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I'm on my second Mercedes (CLK then C class). I gather that due to the design, where the pads grip slightly inside the edge of the disc, the discs will always become lipped.

Whenever the pads have worn down the Mercedes garage always recommend replacing the discs as well as the pads because of the lipping.

Is this just a money maker for them or can I safely just have the brake pads replaced assuming the disc is still thick enough, even though it is lipped?

  • It's probably a money maker. The discs do not usually need replacing as often as the pads. – Weather Vane Sep 6 '19 at 12:16
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This does depend on the grade of pad and the original thickness of the disc.

Go back 10 or more years and discs were thicker as the drive for fuel consumption and total weight was not as severe, which means if they can fit thinner discs with a reasonable life they will...

I have just had to replace discs and pads after 70000km - the pads needed changing and the discs at the minimum thickness. Not bad actually, as my previous car ate pads every 15000km and discs every 30000km. And my driving style has not changed between the two cars (both manual) and yes, all my bad habits are ingrained :) ...

So, for the "newer" generation of cars changing pads and discs together seems to be about right.

The practice of skimming discs, well, if there is enough meat left then fine but if they have done 50000km plus then probably not.

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Pretty much all cars have this, and depending on the brake use and the brake pad compound it may wear out the brake rotor too.

It really depends on how bad the lip is, usually manufacturers release certain specs and also wear specs found in repair manuals. As a rule of thump, if the lip is more than 2mm I would consider replacing the brake rotor too.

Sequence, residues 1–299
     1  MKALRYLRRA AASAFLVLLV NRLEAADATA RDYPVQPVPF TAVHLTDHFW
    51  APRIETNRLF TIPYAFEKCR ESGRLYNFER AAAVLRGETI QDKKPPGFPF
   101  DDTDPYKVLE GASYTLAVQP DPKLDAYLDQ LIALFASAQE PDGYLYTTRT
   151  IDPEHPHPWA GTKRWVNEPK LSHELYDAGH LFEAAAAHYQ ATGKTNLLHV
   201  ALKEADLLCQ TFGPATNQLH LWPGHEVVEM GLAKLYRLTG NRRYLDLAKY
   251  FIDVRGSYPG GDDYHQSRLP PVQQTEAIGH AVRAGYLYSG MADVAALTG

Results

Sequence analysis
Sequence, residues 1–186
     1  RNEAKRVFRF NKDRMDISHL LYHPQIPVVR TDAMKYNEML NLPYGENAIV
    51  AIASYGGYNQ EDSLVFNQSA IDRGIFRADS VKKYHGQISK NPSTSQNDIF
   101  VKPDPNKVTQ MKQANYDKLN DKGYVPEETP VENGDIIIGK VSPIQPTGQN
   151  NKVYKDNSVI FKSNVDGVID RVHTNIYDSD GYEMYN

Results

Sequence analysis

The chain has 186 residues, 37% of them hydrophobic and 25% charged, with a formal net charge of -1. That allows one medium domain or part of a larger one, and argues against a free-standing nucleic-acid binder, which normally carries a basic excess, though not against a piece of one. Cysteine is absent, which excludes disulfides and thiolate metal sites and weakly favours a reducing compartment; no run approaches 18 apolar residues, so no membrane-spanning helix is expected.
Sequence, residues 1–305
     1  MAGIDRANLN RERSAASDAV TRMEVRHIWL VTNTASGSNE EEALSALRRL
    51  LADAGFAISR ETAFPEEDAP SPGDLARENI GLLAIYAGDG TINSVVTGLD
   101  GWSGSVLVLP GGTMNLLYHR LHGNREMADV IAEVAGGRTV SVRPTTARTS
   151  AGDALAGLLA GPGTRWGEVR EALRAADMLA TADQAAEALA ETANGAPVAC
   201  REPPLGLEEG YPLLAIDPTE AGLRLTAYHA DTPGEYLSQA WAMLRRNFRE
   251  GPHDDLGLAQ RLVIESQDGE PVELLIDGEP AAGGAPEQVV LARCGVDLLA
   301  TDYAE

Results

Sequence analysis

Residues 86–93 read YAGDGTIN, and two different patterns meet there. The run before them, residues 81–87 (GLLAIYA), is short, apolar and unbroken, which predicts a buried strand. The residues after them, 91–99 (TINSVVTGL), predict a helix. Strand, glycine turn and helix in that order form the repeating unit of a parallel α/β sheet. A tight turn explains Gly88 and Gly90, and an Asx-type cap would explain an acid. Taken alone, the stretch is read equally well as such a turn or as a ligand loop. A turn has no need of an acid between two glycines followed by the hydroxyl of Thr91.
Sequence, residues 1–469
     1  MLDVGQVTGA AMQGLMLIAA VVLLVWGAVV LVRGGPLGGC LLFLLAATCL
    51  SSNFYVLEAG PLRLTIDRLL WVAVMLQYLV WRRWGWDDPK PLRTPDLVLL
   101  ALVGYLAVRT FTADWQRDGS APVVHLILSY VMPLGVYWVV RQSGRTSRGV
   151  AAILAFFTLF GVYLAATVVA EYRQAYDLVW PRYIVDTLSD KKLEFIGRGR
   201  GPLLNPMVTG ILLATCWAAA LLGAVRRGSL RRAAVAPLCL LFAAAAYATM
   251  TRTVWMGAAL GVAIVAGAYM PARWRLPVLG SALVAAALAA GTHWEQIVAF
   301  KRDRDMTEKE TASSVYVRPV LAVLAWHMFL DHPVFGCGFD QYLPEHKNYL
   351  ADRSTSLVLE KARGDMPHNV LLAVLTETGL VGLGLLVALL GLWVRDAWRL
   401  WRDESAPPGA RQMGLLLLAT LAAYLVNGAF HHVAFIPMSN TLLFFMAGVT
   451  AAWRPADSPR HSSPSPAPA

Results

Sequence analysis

Generally, the reasons why you need to replace the rotors are 2, if you wear out the rotor too much there may be weaken and in extreme cases start using the inside cooling veins for rotor material. The other reason is for the best possible performance.

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There is an alternative to replacing the discs, depending on how much is left on the lipped discs. It's possible to have your existing discs turned on a lathe to remove the lips and present a flat braking surface. I don't know where you live but there are manufacturers who make "on-car" brake lathes and local garages with this technology won't charge much to skin a set of discs. I have no affiliation with this company but a quick google search unearthed them; https://skimmydiscs.co.uk/your-nearest-service-centre

  • Skimming a disc won't make the worn part any thicker. It is worn because this is the area where the pads rub. The lip is there because the pads have not worn it away like the rest of the disc. The only merit I see of removing the lip, is when a different pad is fitted which overlaps the lip. – Weather Vane Sep 6 '19 at 12:12
  • It'll return the discs to a flat surface so it'll remove any warping. Plus if the lip interferes with the pad in any way, skimming them will significantly reduce running in time. I agree that if the lip isn't in the contact patch of the pad, there is little point removing the lip. – Steve Matthews Sep 6 '19 at 12:17
  • That's true, skimming the entire disk instead of just the lip will remove any warping, but will make them even thinner, so it is hardly an alternative to replacing a worn disc. – Weather Vane Sep 6 '19 at 12:18
  • If the end thickness is within manufacturers tolerance, it worthwhile. Very much depends on the state of the discs to begin with I guess. – Steve Matthews Sep 6 '19 at 12:19
  • I have removed the lips ( rear wheels) by turning them with the engine and holding a file on them until gone. – blacksmith37 Sep 6 '19 at 15:51

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